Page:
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Feathered nuisances face old foes on JFK runways

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That’s why the wildlife management team at John F. Kennedy International Airport is working to...

By Courtney Dentch

Between getting to the airport, checking baggage, clearing ever-tightening security and making connections, passengers have enough to worry about when flying.

That’s why the wildlife management team at John F. Kennedy International Airport is working to make sure travelers have one less thing to worry about – birds.

Although many flyers barely give a thought to gulls, sparrows and the other feathered friends that could cause problems for the plane and its passengers, the Port Authority is using some unconventional methods to keep the birds from alighting on a runway. Among these is a faithful crew of 10 falcons and five hawks.

The birds of prey are just one tool the Port Authority of New York and New Jersey employs to clear avian visitors, which could cause severe damage to aircraft and could injure and even kill passengers and crews, said Laura Francouer, a wildlife biologist for Airport Operations at JFK.

“It depends on where the bird hits the plane,” she said about the potential damage. “If you had a strike where the bird hits the windshield, the pilot can get hit.”

JFK began keeping track of bird strikes, or collisions between flocks of birds and aircraft, in 1979, when two gulls were ingested into a plane’s engine as it was taking off from the airport, Francouer said. The flight was aborted and all 130 people aboard were able to make it off the plane before the craft caught fire, she said.

More than 5,700 bird strikes were reported for civil aircraft in the United States in 2001, according to the Bird Strike Committee USA, a national organization that collects data on bird strikes. Although most bird strikes do not cause human injury, more than 130 people have been killed worldwide as a result of bird strikes since 1995, according to the Bird Strike Committee USA.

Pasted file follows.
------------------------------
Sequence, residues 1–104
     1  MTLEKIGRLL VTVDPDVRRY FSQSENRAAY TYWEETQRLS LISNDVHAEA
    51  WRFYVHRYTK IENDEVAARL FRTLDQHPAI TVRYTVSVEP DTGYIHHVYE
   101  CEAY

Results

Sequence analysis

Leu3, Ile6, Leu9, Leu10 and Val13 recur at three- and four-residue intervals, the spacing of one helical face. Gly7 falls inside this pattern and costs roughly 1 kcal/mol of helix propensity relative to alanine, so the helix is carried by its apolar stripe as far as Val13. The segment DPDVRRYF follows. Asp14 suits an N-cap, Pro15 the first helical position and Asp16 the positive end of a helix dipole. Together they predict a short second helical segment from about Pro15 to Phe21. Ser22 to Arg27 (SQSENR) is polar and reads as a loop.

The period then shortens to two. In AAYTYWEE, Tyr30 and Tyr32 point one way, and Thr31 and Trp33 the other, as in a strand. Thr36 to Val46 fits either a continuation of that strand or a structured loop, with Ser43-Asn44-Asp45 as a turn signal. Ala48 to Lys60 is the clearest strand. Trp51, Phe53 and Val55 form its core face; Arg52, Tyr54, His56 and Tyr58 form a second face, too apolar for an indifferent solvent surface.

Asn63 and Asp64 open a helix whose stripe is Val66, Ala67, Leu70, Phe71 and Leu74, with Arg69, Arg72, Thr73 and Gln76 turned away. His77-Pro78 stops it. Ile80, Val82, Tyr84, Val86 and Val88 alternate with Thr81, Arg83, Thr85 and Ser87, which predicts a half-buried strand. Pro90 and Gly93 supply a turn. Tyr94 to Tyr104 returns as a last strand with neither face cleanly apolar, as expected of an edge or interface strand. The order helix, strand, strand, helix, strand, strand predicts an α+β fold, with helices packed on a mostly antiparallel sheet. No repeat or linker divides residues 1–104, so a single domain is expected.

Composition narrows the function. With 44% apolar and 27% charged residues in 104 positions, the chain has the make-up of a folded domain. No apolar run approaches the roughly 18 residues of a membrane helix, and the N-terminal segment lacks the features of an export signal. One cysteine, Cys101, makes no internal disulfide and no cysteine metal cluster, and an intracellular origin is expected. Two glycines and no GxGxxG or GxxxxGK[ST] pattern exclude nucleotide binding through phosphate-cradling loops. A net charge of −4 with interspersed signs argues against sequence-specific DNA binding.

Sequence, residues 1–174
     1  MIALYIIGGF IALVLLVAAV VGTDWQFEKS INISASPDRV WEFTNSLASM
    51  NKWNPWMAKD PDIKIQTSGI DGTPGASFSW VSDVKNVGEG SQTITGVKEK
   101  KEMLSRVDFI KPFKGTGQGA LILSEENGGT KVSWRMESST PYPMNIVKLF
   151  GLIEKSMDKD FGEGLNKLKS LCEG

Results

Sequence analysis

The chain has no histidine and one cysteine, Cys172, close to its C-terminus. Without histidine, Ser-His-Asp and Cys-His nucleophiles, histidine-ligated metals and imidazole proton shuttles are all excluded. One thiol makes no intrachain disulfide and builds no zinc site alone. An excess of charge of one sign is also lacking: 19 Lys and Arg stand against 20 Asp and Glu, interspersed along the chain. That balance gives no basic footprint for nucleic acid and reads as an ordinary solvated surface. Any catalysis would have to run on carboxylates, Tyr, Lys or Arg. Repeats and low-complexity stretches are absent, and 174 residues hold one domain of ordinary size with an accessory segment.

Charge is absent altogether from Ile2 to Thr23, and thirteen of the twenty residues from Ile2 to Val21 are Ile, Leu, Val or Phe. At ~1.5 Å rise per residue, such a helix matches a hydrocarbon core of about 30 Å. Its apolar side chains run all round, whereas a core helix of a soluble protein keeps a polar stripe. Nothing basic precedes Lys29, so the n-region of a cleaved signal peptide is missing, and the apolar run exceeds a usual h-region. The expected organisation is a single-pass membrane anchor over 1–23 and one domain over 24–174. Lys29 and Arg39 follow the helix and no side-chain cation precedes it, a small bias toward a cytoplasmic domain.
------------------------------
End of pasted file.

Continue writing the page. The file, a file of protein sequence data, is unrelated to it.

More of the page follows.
The strikes can also cause damage to the airplanes, requiring engines to be cleaned and rebuilt or windshields to be replaced, Francouer said.

“Any time a bird hits the aircraft it can cause damage,” she said, pointing out that it can cost up to $1 million to take an engine apart.

Due to its location next to Jamaica Bay Wildlife Refuge, the airport is engaged in a constant battle with animals, and especially birds, that seek to use search for food at the airport, Francouer said.

For example, gulls will pick up clams from a beach and drop them on the runways to crack them open; other birds will hunt for lunch on the grassy patches between the tarmacs which grasshoppers like to call home; and swallows love the bay berries that grow around the airport, she said.

To combat the influx of birds, the Port Authority uses a number of methods to scare the birds off the airport, and that’s where the falcons come in, Francouer said. The falcons and hawks that the airport employs are known throughout the bird world as hunters, and as soon as they are seen in the air, swooping as they look for prey, smaller birds such as gulls and swallows will fly away, calling to others to do the same.

“It’s that kind of flying that scares the other birds,” said Stuart Rossell, of Falcon Environmental Services, a falconry consulting company contracted by the PA. “It’s like a man walking down the street with a gun. It’s just a bad sign.”

Although each bird is flown once every day to remind other birds that the airport is a dangerous place to be, the falcons do not actually hunt the birds, Rossell said.

“You have to teach a bird to hunt,” he said.

After flying and swooping for about 10 minutes, trying to catch the lure swung by the falconer, the falcon is rewarded with quail, just as a dog is given treats for doing tricks. The falcons start flying about a half hour before sunrise and stop just after sunset, Francoeur said.

But the falcons “just tend to be the glamorous side” of bird control, Rossell said. The Port Authority spends between $1 million and $2 million on bird control a year at Kennedy Airport, Francoeur said. Other weapons include small fireworks and noisemakers, propane cannons that sound a loud bang about every 15 minutes and insect control to limit food for the birds, she said.

“We’re trying to make the environment as unattractive as possible,” Francoeur said. “The more you keep them moving the more annoyed they get.”

And that’s just what the airport is trying to do – annoy the birds so they will leave.

“The Port Authority is very serious about bird control out here,” Rossell said.

Reach reporter Courtney Dentch by e-mail at TimesLedger@aol.com, or by phone at 229-0300, Ext. 138.

Posted 7:13 pm, October 10, 2011
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